The inner courtyard of the Congress Hall.

I like the feel of this shot but unfortunately there is a bit of camera shake so the image is not as sharp as it should be. I didn’t bring a tripod with me so shot everything handheld.

A colour shot on Velvia 100. Slightly overexposed though.

There was a big running competition going on through the large grounds.

Look at the sharpness in this shot!

The grounds are used for a number of different activities, with a very large ‘spring carnival’ occurring on the main grounds next to the Congress Hall. Any excuse for some beers and a funfair in Bavaria (I mean Franconia….we wouldn’t want to insult any Franconians reading this…!).

Slightly washed out colours but I like the overall feel of this shot.

Probably my best shot of the day - the sharpness of this lens really blows me away. Shot on Ilford XP2 Plus.

Sebastian composing for a shot. I was lucky to get a tour guide and fellow photographer in one!

Part of the big Rally grounds are apparently used as a motor track. You can see the main stage towards the middle/right of the shot (with the big pole).

The centre piece of the rallies. I actually was caught by the really nice shadows so decided to compose that into the shot. What you cannot see here is the size of the area where thousands of people would be gathered for the rallies. It is a fascinating site for anyone interested in history.

Nürnberg’s Old town

Time to go check out Nuremberg’s old town, with its Frauenkirche and main market square and also the Imperial Castle. Actually one of the best times to come to Nuremberg is for the Christmas Markets, as they have one of the largest and best in Germany. There is also a medieval music festival sometime in August that I have been to before and sees every street corner with street music and people wearing Medieval clothes (and drinking beer of course).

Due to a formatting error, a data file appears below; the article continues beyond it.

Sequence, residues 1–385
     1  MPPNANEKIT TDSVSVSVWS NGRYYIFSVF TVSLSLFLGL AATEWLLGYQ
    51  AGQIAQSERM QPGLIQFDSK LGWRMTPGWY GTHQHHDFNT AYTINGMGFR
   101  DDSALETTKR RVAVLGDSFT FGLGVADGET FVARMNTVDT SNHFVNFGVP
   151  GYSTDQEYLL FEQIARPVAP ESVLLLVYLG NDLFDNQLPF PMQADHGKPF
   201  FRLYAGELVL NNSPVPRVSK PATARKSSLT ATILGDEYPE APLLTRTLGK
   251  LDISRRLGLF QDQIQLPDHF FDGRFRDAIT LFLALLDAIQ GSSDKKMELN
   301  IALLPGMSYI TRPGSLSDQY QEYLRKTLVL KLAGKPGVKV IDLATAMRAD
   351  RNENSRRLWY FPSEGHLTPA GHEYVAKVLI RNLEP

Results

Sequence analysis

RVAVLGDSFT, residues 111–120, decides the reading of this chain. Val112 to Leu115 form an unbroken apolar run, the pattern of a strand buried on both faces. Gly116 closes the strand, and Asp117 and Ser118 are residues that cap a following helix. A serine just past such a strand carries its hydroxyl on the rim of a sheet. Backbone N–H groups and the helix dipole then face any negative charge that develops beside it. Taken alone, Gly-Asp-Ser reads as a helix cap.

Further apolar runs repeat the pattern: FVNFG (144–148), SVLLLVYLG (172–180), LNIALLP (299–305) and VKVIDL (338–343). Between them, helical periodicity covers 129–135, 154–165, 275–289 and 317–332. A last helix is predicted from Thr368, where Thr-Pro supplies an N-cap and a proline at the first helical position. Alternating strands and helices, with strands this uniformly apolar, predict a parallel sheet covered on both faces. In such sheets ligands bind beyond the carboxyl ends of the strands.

One of the many Cathedrals/churches you will see in the city.

I was hoping to use a smaller F stop (F8 or above) that would have allowed for everything to be in focus, but it was not bright enough and my film was only ISO 125 (Ilford FP4) so I had to open the lens up more and as such decided to make the background in focus. Very clear still!

Postcard shot.

This shot would have been very nice in a bright summer’s day, but I still like how it came out. The city has loads of streets like this that are quintessentially German. I believe that is part of the Imperial Castle at the top of the shot.

One of my favourite shots of the trip - I love how busy this scene is. Surprisingly everyone is going about their business and ignoring the bazooka that is connected to my face.

Another crazy sharp shot too.

Shot on a 2 second exposure, and whilst it came out a bit over exposed the fact that it is slide film I am happy it came out at all. The image is so sharp you can clearly read the signage on the top right of the image.

Yes, having a waist level finder camera would have been more practical in this situation!

I took this shot as I loaded in the roll of Velvia 100 film when I saw the sun come out and a break in the clouds for some blue sky views!

That’s a wrap, folks!

Overall observations

I will save my proper review of the Fuji GW690ii for a future post, however I am delighted all the shots came out and the camera is in full working order. Given its condition and fully mechanical nature I was pretty sure it would all be fine!

As you can tell, I really enjoyed the day trip up to Nuremberg. It is easily accessible by train from Munich and well worth a day trip. For those interested in history, the Nazi Rally Grounds are really interesting and quite breathtaking when you think about what happened there.

It is good to see the grounds being used for big events (I forgot to mention the famous Rock im Park music festival is hosted there every summer - the Rock am Ring festival is hosted at the Nurburgring. Interestingly, both festivals are usually regarded as one event with a mostly identical lineup for both festivals - occurring over 3 days).

The medieval part of Nuremberg also has lots to offer, I highly recommend a visit. I will definitely go back again with brighter weather, although I may just leave this camera at home and walk around looking like a normal person for once.

Overall, considering the very changeable weather I was pleased with the shots I got back. Of course I could not believe my eyes at first when I saw the negative size and I definitely must shoot more slide film as the negative looks really fantastic on a light table.

Thanks for stopping by and for joining for a brief history tour!